1. "...she's as headstrong as an allegory on the banks of Nile." (alligator)
2. "Why, murder's the matter! slaughter's the matter! killing's the matter! - but he can tell you the perpendiculars." (particulars)
3. "Nay, no delusions to the past - Lydia is convinced;" (allusions)
5. "I am sure I have done everything in my power since I exploded the affair." (exposed)
7. "...if ever you betray what you are entrusted with... you forfeit my malevolence for ever..." (benevolence)
8. "I hope you will represent her to the captain as an object not altogether illegible."
9. "...promise to forget this fellow - to illiterate him, I say, quite from your memory."
10. "O, he will dissolve my mystery!" (resolve)
Malapropisms by Some Well-known Folks :
- I am mindful not only of preserving executive powers for myself, but for predecessors as well." - George Bush II
- Natural gas is hemispheric... because it is a product that we can find in our neighborhoods. - George Bush II
- Listen to the blabbing brook. - Norm Crosby
- This is unparalyzed in the state's history. - Gib Lewis, Texas Speaker of the House
- Republicans understand the importance of bondage between a mother and child. - Dan Quayle, US Vice President
Some others by everyday folks..
- Let's get down to brass roots.
- You've sent her barking up the wrong dog.
- If my grandfather was alive today he'd be turning in his grave
- You can plead with me until the cows come home blue in the face.
- I got stuck in the revolting doors.
- It wasn't my fault, even the police said I was totally blameworthy.
- Like I say, I'm trying to tie up a loose hole.
- You can lead a horse to manure but you can't make him drink.
- We're thinly skating on ice.’
- Her father was some kind of civil serpent."
More years ago than I recall exactly, a tiny book appeared on our doorstep. It has remained with me since then. It was published by Prentice Hall in 1946 in Longwood Cliffs New Jersey. Howard L Chase was its author.
It is a book that should be reprinted for all who love the different ways we are able to slaughter the king's English. Ladle Rat Rotten Hut is the name on a red banner across the lower right portion of the book.
The premise for Anguish is that 'many English words, can be substituted quite satisfactorily for others. When all the words in a given passage of English have been so replaced, the passage keeps its original meaning, but all the words have acquired new ones. A word that has received a new meaning becomes a wart, and when all the words in the passage have become warts, the passage is no longer English but Anguish."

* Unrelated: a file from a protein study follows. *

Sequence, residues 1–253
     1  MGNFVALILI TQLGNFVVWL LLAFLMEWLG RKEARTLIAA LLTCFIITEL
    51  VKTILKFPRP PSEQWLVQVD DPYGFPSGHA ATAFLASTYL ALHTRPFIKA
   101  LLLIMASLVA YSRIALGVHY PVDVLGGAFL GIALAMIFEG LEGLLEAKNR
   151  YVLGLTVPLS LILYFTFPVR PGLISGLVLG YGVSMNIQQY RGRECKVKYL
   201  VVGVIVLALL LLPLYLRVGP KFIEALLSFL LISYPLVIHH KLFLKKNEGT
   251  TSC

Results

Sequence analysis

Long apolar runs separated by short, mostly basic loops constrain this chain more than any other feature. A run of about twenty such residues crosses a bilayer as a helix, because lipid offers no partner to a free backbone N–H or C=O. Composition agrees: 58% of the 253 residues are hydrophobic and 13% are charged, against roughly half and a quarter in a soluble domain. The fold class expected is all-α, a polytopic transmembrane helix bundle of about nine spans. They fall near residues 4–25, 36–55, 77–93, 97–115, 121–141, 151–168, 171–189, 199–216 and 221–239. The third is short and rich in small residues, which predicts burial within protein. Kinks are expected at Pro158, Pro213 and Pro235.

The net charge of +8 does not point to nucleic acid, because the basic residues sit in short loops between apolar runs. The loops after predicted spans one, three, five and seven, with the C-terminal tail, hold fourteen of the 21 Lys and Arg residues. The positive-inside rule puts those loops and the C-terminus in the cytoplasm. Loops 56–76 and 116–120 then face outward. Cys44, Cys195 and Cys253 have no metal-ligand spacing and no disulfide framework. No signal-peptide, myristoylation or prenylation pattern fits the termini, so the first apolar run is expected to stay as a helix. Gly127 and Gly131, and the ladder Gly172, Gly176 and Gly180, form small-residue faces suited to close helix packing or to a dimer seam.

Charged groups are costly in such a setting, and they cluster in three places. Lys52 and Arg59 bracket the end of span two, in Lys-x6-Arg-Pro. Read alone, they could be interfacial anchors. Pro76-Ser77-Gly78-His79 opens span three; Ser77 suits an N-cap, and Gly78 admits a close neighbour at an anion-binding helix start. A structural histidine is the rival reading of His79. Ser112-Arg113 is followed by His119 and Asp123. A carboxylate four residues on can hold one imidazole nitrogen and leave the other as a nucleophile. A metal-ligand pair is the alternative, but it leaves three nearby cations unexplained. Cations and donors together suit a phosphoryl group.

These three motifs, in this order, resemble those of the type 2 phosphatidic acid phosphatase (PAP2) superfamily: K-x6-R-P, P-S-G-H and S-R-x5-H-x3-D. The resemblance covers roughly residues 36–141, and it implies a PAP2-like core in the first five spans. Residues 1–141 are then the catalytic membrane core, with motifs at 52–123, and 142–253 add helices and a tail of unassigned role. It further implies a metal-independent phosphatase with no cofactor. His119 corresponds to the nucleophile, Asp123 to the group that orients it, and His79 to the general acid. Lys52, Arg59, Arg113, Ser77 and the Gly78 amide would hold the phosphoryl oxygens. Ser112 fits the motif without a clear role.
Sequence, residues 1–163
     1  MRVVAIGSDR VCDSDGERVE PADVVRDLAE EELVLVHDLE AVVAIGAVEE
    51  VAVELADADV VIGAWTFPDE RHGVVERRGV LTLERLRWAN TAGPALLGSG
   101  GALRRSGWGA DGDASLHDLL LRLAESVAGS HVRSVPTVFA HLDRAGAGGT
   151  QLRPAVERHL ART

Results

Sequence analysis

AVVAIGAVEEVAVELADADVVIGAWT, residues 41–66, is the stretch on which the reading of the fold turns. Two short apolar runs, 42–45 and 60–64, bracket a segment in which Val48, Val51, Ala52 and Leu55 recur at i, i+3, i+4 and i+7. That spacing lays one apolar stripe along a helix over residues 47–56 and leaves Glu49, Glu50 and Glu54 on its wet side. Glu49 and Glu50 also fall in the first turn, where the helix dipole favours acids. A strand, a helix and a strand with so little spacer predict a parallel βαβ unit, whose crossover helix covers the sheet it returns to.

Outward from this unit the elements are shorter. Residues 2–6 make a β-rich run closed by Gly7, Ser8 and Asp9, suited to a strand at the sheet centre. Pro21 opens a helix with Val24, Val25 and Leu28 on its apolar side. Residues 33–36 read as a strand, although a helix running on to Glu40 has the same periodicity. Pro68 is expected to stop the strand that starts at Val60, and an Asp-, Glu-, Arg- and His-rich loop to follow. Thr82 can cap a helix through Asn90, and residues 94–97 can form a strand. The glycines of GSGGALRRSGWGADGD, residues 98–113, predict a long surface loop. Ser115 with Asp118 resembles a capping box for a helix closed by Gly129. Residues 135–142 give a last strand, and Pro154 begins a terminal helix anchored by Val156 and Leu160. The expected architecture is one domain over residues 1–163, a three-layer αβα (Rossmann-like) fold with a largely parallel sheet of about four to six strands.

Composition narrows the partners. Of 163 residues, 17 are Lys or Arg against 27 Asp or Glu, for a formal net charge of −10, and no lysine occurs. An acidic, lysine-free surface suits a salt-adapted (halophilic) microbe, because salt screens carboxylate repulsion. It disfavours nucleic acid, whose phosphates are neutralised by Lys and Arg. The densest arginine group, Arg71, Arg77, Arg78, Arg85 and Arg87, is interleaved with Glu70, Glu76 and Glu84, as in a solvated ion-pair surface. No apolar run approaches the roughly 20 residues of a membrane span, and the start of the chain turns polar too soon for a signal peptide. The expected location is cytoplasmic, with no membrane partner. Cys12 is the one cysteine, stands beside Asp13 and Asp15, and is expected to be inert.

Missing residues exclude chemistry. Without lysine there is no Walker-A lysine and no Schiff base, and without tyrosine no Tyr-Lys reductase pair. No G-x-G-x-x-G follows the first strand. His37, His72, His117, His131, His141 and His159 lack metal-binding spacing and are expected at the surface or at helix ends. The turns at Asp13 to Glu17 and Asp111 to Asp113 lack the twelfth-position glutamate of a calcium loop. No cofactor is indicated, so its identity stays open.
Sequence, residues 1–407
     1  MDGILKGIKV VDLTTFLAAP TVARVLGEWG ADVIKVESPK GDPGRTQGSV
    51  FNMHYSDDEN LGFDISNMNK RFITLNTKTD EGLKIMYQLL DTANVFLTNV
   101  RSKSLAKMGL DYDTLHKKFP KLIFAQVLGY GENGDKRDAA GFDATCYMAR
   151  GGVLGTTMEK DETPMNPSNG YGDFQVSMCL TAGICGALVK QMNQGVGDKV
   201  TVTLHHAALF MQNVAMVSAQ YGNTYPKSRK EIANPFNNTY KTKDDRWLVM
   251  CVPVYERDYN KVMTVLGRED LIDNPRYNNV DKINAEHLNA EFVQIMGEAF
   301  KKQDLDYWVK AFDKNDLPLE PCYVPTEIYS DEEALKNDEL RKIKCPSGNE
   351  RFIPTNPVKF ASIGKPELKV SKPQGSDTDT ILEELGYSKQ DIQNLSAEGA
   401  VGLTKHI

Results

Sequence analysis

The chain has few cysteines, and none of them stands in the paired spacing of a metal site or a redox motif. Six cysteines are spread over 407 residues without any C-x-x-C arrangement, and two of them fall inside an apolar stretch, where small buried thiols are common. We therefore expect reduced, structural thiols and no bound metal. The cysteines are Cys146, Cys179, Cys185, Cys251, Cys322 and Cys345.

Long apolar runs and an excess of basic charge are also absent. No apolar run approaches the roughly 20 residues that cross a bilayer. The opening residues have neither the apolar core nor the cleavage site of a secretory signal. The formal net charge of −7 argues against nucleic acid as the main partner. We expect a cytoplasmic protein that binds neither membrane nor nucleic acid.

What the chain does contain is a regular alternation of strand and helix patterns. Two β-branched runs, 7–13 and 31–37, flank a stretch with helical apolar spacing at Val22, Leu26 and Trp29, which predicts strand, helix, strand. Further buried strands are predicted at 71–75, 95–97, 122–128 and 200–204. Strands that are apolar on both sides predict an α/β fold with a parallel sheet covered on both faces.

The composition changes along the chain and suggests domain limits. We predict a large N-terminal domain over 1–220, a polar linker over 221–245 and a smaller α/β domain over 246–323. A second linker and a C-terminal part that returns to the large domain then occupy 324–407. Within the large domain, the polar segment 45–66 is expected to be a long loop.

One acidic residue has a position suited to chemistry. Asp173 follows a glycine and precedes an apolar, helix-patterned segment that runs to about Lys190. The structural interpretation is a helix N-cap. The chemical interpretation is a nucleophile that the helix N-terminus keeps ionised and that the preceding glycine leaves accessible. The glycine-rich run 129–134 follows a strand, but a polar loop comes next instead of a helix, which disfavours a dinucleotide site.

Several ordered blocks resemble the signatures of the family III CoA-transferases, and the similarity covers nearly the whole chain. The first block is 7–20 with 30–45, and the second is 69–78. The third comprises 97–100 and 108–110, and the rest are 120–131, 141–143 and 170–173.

I shared a few passages from this tiny book, Ladle Rat Rotten Hut. My copy is tattered and torn as down through the years countless hands have opened and closed its covers. I found one copy on line at Amazon. If you google, Ladle Rat Rotten Hut an amazing number of resources pop up.
It is fun to read to someone and have them translate.
A friendly little warm is speaking to a board and the conversation goes this way:
"Europe oily disk moaning, " said the warm.
The board replies, "Doily board cashed or warm."
Having fun with words is this Anguish Languish.
Fur Hazy Jelly Gut Furlough
Unleashing ideas comes easily. Tumbling out, the words we select are carefully selected and arranged to convey our message. Sometimes the words take over and do the writing themselves. They fall from our fingertips and our lips in a perfect kind of cadence and rhythm to express just what is on our mind.
We return to the page where those words have fallen. "Maybe that was not really the best way to say what I am thinking," we may think. Using delete or backspace or an eraser or a pen, those same words disappear. But not really. They are saved somewhere so that they may rise once again, be redressed, and perhaps find a place on the page.Temporarily, new ones are chosen and the thought emerges.
Each day as I turn on my computer, my heart races as little as I know I am about to encounter another day of discovery as I read the words of others.
© 2012 Patricia Scott